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The 50 passenger re-fitted tug Kayloe moored at the Port Dover dock

Port Dover - Far More Than Friday the 13th

© by George Bailey

Shades of Marlon Brando and the Wild Bunch. Every Friday the 13th up to 75,000 bikers plus another 150,000 enthusiasts invade the quaint Town sign village of Port Dover, population - a mere 5,500. If crowds are not your thing, visit on a day other than Friday the 13th to savour a completely different (tranquil) atmosphere.

To purchase a bathing suit or a perch dinner, this is the right place in Norfolk County with its brightly painted wooden buildings, going back to the turn of the century. Former cottages along the water's edge at Harbour Street now are souvenir shops, snack bars and restaurants.

Here, one can enjoy beaches and boardwalks, summer theatre (The Lighthouse Festival Theatre draws 30,000 annually), fishing tugs, charters and cruises. There are outdoor waterfront pubs on Lake Erie beach, and The Beach House Restaurant is one of the local favourites, their Lake Erie perch with fries, coated with panko bread crumbs, reasonably priced at $10.00. The six live palm trees growing on the beach in front of the restaurant? David Knechtel, a restaurant co-owner, says, "We bring in the trees from Florida in spring and plant them to give the place a tropical appearance." It works!

Take the 50 passenger "Kayloe," a refitted tug docked at the mouth of the Lynn River, for a 1.5 hour tour of the lake on Friday, Saturday or Sunday at 3pm. Adults $17.00. But remember, this is an active fishing village.

  Jan Overend, manager of the Port Dover Board of Trade bubbles with enthusiasm when speaking about her town: "Lots of times you don't see these boats because they are out in the lake fishing. Sitting on the pier watching the tugs return is both a visitor and the local's favourite thing to do."

One of my favourites is The Port Dover Harbour Museum. Kerry Wamsley, Museum Assistant, tells me, "This museum focuses on Lake Erie with a huge collection related to the commercial fishing industry on this lake." One of the permanent exhibits is of the steamer Atlantic which sank in Lake Erie in 1852. Wamsley reminds me that Lake Erie was the 401 of the waterways in the mid-1800's. The museum is partially housed in an original fisherman's net shanty and is open daily. A donation of $3.00 for an adult and $2.00 for a child is encouraged.

Lake Erie Fishermens Memorial Monument A leisurely walk along the pier that juts into Lake Erie is another way to soak up the atmosphere of this seaside resort. Take time to look at the Lake Erie Fishermen's Memorial Monument, a bronze statue that represents three fishermen hauling in their fishing nets from the stern of a boat. It pays tribute to the fishermen lost in the water while fishing. A lovely classic white lighthouse stands majestically at the far end of the pier.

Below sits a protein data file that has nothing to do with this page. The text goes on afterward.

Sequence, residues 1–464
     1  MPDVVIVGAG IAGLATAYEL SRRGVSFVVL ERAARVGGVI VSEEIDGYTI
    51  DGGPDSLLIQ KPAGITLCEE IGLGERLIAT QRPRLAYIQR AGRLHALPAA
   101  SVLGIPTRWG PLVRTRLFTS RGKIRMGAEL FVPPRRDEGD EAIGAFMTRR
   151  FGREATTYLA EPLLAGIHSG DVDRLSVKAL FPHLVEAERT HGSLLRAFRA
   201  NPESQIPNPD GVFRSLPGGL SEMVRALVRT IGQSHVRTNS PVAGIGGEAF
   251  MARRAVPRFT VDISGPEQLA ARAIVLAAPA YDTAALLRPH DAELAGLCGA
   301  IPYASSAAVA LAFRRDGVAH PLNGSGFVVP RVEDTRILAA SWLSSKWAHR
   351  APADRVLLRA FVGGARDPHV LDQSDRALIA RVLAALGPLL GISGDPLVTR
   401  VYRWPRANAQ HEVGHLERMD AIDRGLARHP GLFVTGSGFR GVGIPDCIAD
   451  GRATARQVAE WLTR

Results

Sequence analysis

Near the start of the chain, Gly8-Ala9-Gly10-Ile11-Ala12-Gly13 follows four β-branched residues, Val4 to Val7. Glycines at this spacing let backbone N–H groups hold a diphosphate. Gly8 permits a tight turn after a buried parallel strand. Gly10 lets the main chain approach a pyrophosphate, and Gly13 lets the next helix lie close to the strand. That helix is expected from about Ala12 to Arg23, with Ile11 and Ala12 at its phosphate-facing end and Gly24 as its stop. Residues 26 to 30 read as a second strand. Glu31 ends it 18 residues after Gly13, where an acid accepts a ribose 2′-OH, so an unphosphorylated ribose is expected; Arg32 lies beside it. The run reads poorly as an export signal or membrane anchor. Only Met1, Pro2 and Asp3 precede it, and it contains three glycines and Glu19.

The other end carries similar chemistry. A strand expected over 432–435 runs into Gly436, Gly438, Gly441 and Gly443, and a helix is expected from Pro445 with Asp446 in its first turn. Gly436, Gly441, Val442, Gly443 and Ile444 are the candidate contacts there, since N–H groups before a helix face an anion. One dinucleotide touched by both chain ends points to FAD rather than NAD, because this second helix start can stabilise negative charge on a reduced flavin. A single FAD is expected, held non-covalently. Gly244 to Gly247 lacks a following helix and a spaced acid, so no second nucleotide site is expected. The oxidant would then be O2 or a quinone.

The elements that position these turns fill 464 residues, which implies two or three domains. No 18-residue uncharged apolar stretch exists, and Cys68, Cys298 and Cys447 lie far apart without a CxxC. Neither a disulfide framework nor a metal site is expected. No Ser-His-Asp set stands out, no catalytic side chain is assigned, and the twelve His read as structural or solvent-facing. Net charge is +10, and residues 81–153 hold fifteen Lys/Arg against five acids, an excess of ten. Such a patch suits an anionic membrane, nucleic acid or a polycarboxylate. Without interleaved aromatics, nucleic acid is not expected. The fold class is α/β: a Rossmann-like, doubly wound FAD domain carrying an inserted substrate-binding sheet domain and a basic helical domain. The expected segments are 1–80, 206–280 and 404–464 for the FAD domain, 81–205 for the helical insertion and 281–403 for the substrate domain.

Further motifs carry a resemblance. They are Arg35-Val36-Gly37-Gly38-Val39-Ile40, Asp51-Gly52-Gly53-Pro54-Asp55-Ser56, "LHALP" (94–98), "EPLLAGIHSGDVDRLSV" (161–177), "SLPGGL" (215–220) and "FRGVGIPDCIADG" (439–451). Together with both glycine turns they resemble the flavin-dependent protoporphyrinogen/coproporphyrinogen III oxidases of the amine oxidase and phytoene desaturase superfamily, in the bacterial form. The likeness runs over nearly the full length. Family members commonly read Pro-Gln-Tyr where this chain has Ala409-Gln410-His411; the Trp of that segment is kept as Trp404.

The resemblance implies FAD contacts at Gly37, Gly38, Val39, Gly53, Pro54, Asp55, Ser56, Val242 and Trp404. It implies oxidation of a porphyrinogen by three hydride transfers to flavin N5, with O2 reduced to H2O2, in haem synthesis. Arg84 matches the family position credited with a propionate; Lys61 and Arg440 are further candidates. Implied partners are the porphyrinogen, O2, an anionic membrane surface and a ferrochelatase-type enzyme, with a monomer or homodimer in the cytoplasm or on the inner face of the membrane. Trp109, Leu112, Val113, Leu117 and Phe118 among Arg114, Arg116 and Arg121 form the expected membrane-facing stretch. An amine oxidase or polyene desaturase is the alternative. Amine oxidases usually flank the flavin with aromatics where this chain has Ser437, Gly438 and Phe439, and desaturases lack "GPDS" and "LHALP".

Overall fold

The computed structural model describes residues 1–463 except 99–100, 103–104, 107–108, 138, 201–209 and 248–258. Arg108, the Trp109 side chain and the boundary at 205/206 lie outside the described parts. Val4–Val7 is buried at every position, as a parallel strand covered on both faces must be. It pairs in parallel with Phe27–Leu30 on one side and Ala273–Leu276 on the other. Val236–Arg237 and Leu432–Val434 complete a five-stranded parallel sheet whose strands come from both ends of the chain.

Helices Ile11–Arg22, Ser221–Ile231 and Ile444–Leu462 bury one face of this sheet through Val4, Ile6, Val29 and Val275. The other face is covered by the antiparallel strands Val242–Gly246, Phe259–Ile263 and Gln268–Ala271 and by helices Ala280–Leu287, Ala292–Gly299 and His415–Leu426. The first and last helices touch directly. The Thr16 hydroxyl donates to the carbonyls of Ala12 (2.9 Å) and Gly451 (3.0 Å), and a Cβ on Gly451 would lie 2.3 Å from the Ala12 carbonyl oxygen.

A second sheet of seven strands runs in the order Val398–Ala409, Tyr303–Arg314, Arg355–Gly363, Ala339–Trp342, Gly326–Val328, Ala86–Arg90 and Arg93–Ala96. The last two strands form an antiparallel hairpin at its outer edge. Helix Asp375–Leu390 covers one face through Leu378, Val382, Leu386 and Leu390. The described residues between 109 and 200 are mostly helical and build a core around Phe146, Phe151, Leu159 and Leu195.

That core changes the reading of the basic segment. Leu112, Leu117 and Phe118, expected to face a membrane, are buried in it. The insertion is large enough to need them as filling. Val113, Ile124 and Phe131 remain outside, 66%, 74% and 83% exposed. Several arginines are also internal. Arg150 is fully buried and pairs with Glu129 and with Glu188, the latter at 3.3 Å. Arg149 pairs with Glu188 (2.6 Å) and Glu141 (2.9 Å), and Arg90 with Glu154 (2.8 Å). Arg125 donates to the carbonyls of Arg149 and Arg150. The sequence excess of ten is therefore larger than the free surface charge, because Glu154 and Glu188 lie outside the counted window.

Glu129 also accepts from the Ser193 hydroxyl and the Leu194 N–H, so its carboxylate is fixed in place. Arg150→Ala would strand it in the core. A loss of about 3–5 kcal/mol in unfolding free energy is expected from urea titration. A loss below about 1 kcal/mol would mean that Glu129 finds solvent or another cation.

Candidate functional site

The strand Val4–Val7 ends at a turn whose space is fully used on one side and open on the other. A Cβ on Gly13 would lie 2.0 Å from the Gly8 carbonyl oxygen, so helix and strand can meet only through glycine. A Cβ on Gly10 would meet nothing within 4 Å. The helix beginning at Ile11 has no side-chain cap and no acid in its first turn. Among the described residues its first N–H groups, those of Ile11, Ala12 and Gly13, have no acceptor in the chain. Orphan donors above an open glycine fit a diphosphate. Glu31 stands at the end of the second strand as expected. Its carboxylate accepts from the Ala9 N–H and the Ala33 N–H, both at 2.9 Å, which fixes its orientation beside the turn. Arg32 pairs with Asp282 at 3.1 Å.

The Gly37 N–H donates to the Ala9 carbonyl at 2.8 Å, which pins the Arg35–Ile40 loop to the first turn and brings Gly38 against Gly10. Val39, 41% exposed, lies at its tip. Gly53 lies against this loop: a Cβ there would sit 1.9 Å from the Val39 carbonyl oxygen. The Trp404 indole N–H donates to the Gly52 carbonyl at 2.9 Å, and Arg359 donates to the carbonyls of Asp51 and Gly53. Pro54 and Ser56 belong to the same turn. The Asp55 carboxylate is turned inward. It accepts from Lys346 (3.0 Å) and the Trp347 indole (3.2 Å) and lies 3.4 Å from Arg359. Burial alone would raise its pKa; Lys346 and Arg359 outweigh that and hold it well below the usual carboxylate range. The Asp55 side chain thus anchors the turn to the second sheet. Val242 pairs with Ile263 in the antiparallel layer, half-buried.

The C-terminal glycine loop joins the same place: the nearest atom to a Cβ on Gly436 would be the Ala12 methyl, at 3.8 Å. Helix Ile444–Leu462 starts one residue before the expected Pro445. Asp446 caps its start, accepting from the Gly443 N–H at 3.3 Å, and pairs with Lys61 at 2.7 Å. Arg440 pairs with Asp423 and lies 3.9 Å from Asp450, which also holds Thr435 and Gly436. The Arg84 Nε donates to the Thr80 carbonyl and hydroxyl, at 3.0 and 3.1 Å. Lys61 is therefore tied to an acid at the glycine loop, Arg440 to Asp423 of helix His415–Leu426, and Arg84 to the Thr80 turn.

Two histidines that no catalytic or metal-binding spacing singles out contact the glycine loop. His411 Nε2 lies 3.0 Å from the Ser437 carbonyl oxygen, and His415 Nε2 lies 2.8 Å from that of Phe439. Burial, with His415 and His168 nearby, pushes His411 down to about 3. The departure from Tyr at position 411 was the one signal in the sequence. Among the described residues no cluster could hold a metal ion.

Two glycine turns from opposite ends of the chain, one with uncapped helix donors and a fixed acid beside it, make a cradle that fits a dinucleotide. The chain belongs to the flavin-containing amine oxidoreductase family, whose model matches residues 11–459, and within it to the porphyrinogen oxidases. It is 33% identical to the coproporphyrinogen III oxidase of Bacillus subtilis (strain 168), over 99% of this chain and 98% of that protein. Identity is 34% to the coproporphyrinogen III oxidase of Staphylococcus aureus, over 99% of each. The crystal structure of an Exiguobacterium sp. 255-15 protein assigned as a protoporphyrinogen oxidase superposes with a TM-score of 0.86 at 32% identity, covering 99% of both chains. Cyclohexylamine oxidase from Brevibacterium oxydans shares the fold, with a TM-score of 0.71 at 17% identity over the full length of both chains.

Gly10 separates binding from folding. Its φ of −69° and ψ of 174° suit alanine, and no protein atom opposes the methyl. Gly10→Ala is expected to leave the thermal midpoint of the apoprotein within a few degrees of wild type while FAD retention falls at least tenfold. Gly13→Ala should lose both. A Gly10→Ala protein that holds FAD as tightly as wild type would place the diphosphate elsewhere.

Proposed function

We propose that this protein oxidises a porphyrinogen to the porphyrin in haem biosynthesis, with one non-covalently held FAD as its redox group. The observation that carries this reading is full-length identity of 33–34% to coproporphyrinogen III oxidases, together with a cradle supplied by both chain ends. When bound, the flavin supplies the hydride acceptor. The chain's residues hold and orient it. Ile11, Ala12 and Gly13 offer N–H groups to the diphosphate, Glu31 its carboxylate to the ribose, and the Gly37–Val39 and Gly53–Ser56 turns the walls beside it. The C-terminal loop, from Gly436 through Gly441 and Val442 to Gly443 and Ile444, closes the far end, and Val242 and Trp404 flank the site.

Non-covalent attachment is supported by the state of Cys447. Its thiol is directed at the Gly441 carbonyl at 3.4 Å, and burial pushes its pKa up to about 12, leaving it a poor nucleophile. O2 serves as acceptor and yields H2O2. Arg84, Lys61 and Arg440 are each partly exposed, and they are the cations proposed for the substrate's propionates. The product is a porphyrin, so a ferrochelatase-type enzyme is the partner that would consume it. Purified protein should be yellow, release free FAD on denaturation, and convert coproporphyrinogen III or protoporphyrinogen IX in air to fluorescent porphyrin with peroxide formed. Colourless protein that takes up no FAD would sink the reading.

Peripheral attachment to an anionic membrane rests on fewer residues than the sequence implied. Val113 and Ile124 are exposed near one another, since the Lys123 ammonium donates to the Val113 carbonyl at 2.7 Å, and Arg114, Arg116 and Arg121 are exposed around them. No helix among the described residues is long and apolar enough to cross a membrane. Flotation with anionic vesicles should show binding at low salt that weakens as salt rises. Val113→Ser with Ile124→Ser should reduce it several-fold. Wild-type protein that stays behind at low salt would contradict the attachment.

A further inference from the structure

The Sandalmaker is one of the village's unique shops, close to the memorial. You will notice unusual items that the owners acquire on trips to Indonesia: bamboo furniture, lamps, end tables, wind chimes and home-made sandals. The Grand Trunk Station offers unusual gifts and souvenirs.

A walk to one of the nearby private marinas along Black Creek allows a peek at old fishing boats intermingled with fancy yachts. Incredibly, Port Dover once enjoyed the largest fresh water fishing fleet in the world.

Port Dover Light House

Port Dover Friday The 13th

Sailing, Beach, Skim Boarding, Boating - Norfolk County - Port Dover

Photo Credits
George Bailey

George Bailey contributes to Sun Media's 43 paid-circulation newspapers across Canada as well as numerous magazines. George has appeared on CNN, Good Morning America, Canada AM, The Discovery Channel, and Live with Regis and Cathy Lee. He has published five books on Niagara Falls.
Port Dover, Ontario Weather

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Port Dover is an unincorporated community and former town located in Norfolk County, Ontario, Canada on the north shore of Lake Erie. Prior to the War of 1812, this community was known as Dover Mills. This community is the southern terminus for Ontario Highway 6; located 480 kilometres or 300 miles to the south of the Northern Ontario community of McKerrow.
This community would become the subject of an American raid during the War of 1812, on May 14, 1814. After making their landing on the shore, 750 American soldiers committed themselves to a surprise attack on the village's civilians. Scattered elements of nearby militia and regular units tried to defend the village without any success.
In 1835, Port Dover was incorporated as a village and later as a town.  - Wikipedia

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